Location, Location, Location

If you’ve visited the library recently and come away feeling a little starstruck, you’re not alone. That’s because Langsdale is featured extensively in the buzzy new true crime documentary The Keepers on Netflix, about the 50-year-old mystery of a slain Baltimore nun and the tragic sexual abuse scandal that erupted in its wake.

Special Collections front and center: opening shot of episode 6, The Keepers

And when I say the library is “featured extensively,” I mean Langsdale is all over this program: eagle-eyed library habitues can spot the location cropping up in multiple scenes beginning in episode 4, where super-sleuth, retiree, and 1970 Archbishop Keough High School graduate Abbie Schaub visits the former Special Collections research room on the 4th floor (currently where the Achievement and Learning Center is housed).

Top: Abbie wrestles with our analog machinery in a
screenshot  from The Keepers;
Bottom: the culprit (file photo)

The opening shot of episode six lingers on a UB-labeled book cart and a storage box–fairly ordinary tools of the archival trade.  The very VCR / ¾-tape player/ DVD setup that so confounds Ms. Schaub in episode four, as she attempts to operate the ancient analog machinery, is an apparatus that still frustrates Archives staffers on a quasi-regular basis.  Abbie is also seen walking through the book stacks on the third floor of Learning Commons; sitting by the gorgeous picture windows on the fourth floor (and surely enjoying its excellent view of Station North); and using the student computers in close proximity to the reference desk.
While it’s not unusual for documentary filmmakers to enhance the narrative in their movies by using photos, documents, film, and ephemera obtained via archival research, The Keepers takes the unusual step of showing their subjects actually digging up the data. The series provides a sort of road map for what in-depth, thorough, creative, tenacious archival investigation looks like, and how libraries– both public and academic– play a huge role in what that entails. Ms. Schaub and director Ryan White visited Special Collections repeatedly throughout a 2-month period in 2015 to sort through a box of videotapes of raw news footage from local TV news stations in order to find a “smoking gun” regarding a suspect in the 1969 murder of Sister Cathy Cesnik.

The Catherine Cesnik file from our Archives of Maryland Polonia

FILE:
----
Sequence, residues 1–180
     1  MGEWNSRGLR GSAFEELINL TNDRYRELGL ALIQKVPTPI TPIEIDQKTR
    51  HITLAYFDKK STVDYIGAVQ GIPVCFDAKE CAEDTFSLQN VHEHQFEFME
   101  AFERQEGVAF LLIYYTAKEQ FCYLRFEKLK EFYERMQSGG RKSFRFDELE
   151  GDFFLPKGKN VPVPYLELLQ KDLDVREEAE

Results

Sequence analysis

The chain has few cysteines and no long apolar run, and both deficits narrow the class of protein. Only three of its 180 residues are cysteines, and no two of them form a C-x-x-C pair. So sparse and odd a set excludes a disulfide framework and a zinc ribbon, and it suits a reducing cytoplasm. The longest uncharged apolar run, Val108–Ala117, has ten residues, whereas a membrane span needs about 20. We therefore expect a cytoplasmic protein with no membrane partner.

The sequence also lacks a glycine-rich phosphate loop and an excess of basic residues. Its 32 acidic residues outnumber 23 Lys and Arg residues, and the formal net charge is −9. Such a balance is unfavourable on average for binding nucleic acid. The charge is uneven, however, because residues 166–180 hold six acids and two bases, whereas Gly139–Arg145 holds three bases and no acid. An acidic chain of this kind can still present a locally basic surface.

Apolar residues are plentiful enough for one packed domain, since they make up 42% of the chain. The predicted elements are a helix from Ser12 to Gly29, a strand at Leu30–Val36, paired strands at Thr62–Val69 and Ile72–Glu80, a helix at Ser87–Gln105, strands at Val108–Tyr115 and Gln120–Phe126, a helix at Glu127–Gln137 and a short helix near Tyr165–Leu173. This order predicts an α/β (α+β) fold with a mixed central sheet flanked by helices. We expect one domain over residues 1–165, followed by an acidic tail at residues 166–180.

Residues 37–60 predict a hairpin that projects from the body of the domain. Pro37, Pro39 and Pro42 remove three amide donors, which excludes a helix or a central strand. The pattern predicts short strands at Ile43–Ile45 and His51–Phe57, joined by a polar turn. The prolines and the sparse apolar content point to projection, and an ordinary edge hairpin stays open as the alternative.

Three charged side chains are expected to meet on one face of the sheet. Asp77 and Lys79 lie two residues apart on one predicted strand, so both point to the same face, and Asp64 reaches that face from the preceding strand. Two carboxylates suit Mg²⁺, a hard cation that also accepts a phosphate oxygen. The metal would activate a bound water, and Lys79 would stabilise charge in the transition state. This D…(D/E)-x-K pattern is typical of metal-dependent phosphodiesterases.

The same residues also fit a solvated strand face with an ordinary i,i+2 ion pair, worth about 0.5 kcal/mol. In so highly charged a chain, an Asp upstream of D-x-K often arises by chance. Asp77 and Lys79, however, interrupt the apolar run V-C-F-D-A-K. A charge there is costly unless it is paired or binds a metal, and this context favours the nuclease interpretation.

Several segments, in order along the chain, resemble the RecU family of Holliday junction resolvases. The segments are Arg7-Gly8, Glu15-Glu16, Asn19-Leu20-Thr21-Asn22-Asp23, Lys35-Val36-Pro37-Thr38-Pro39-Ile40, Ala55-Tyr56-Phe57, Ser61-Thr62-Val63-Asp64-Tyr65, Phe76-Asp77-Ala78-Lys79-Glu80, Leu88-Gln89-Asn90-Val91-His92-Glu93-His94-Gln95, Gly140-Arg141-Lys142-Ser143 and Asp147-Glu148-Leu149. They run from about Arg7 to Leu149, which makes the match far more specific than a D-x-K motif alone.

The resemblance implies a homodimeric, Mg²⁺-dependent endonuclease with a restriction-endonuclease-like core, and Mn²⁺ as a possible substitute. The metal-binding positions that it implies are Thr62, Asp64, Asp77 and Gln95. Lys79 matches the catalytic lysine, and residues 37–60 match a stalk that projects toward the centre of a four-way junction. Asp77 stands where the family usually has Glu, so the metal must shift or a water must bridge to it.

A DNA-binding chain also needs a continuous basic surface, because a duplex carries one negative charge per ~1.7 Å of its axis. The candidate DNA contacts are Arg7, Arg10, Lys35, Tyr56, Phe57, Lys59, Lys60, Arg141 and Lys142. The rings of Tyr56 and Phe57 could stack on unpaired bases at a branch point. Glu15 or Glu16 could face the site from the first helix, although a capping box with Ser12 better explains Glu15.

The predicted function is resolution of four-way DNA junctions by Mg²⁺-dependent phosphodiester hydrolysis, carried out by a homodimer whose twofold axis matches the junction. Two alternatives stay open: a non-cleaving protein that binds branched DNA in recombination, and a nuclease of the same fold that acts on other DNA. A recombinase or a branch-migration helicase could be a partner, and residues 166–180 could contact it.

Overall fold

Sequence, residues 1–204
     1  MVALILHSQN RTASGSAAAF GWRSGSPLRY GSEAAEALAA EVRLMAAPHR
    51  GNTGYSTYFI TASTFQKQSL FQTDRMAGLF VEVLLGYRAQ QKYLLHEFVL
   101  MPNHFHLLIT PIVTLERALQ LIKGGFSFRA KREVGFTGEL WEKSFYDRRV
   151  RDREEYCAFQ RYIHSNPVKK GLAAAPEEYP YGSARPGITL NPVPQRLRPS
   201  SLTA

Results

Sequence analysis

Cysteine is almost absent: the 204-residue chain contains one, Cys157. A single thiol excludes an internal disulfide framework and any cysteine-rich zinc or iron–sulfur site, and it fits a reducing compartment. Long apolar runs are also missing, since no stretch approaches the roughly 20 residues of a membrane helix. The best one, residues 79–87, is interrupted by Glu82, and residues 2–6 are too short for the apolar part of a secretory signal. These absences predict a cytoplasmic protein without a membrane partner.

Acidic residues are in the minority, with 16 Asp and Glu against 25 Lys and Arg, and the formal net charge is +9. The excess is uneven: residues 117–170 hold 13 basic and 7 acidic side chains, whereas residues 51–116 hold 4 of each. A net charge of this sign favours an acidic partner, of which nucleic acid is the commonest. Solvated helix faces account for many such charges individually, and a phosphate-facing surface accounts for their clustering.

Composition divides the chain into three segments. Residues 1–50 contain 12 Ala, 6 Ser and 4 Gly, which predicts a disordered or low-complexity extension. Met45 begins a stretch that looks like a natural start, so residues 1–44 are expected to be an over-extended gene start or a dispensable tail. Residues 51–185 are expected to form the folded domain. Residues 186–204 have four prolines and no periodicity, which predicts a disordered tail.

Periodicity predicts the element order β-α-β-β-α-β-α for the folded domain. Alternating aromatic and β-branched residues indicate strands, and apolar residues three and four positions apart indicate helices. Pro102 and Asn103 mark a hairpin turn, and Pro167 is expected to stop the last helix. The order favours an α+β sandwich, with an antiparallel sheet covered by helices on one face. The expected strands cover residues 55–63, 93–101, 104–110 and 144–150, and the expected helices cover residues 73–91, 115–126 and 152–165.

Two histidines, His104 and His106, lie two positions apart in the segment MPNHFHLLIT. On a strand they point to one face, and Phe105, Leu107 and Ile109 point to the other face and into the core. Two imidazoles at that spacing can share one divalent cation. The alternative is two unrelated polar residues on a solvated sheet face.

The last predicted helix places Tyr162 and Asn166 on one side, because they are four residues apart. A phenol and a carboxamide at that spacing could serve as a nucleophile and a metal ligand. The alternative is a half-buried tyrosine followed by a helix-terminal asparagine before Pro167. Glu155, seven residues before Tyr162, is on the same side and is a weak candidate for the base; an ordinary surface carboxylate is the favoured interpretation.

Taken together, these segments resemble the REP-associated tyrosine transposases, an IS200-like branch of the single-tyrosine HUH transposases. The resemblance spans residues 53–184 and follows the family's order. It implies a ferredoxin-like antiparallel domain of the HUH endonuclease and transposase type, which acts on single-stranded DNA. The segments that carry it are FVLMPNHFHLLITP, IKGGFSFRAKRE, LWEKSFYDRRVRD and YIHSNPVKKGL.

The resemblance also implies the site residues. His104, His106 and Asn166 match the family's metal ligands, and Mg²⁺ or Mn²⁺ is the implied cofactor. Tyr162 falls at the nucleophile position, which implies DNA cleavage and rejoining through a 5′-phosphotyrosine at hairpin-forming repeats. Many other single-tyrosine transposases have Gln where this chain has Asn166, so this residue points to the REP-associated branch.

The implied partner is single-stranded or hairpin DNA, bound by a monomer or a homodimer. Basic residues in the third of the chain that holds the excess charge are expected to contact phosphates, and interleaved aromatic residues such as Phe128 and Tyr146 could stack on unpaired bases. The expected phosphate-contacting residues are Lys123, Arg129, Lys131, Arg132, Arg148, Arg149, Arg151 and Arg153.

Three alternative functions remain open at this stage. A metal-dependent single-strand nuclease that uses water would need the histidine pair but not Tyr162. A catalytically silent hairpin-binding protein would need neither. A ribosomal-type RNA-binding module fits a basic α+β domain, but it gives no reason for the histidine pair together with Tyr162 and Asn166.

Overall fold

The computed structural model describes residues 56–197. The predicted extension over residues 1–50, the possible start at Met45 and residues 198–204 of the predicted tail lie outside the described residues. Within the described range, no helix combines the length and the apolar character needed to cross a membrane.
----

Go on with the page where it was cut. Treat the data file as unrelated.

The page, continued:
Archival Technician Angela Rodgers-Koukoui, who was working in Special Collections as a as a work/study student at the time, recalls sitting silently in the dark with White and Schaub as they watched hours of videos (and occasionally filmed themselves doing so). Angela also says Abbie gave her some inside dirt on who she thinks the killer is (sorry, no spoilers here!)  Abbie enlists the help of reference librarians, and there are some key scenes at the central branch of Baltimore’s Enoch Pratt Free Library.  Throughout the program, Schaub also relies on her fellow Keough alum, the more outgoing Gemma Hoskins, to interview and reach out to possible witnesses.
They found several gems in the collection, aSchaub recently shared with Dean Lucy Holman:“When we sought information to figure out who killed our Archbishop Keough High School teacher Sister

Evidence? Maybe!

Catherine Cesnik in 1969, we wanted to view old televised news stories. We were told that WJZ news had aired a retrospective in August of 1994 on the unsolved case that included a segment of a telephone call made to Jerry Turner… A little further searching led us to the University of Baltimore’s Langsdale Library, which does have an audiovisual archived collection of old [locally broadcast] news stories on VCR tapes. While we did not find the one we were looking for there, we did find stories on the 1994 Holy Cross Cemetery dig, and they were able to make copies of that for our use. We were able to later find the news story with [a potential suspect’s] voice from 1995, and that and scenes from the cemetery dig coverage were included in the documentary. There was no other public source we could find in Baltimore for these old news stories, and we are very grateful for the resources and assistance the staff at Langsdale provided.”

Langsdale–and the rest of the show’s fans–are anxious to see where Abbie’s and Gemma’s investigation will lead them next. 



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